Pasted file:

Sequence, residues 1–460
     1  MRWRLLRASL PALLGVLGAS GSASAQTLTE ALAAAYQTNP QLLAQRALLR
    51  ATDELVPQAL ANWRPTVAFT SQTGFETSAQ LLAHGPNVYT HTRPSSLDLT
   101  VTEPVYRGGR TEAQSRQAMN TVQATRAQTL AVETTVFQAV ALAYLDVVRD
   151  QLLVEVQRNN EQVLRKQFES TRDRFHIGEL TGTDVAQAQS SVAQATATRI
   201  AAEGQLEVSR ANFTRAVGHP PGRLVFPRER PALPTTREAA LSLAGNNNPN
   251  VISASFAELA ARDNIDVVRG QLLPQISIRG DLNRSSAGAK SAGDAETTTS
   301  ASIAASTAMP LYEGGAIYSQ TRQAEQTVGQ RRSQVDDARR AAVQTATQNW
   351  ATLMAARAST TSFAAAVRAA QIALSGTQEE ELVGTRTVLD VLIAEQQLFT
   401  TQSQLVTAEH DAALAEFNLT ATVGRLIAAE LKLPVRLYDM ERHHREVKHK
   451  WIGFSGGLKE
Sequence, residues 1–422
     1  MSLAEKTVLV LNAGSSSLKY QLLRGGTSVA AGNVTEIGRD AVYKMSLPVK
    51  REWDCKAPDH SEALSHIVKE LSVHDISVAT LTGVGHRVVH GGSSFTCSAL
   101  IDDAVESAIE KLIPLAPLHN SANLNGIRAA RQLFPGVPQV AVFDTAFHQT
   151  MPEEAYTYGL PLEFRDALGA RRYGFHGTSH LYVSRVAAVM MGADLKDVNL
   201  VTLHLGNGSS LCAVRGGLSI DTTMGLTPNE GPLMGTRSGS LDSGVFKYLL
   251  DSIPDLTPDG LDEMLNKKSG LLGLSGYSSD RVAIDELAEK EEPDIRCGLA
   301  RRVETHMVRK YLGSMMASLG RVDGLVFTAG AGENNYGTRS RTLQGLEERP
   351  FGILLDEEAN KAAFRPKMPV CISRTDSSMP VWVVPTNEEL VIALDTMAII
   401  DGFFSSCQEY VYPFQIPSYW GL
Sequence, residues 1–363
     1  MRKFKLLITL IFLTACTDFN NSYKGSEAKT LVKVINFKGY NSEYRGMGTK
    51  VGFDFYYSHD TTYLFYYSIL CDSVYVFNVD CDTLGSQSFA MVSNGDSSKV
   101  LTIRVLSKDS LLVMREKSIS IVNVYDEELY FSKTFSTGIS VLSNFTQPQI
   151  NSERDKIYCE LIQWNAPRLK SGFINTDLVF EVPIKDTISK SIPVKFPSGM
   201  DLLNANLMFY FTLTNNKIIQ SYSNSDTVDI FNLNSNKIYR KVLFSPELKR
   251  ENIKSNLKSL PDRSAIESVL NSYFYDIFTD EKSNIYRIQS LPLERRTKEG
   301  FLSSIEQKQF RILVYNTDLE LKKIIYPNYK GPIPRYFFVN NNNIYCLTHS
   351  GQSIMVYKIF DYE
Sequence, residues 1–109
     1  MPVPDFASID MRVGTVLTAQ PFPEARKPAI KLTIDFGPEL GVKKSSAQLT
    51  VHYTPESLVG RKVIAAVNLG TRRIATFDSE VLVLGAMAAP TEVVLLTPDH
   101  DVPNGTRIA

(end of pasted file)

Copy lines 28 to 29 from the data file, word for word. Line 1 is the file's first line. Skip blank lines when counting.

   251  ENIKSNLKSL PDRSAIESVL NSYFYDIFTD EKSNIYRIQS LPLERRTKEG
   301  FLSSIEQKQF RILVYNTDLE LKKIIYPNYK GPIPRYFFVN NNNIYCLTHS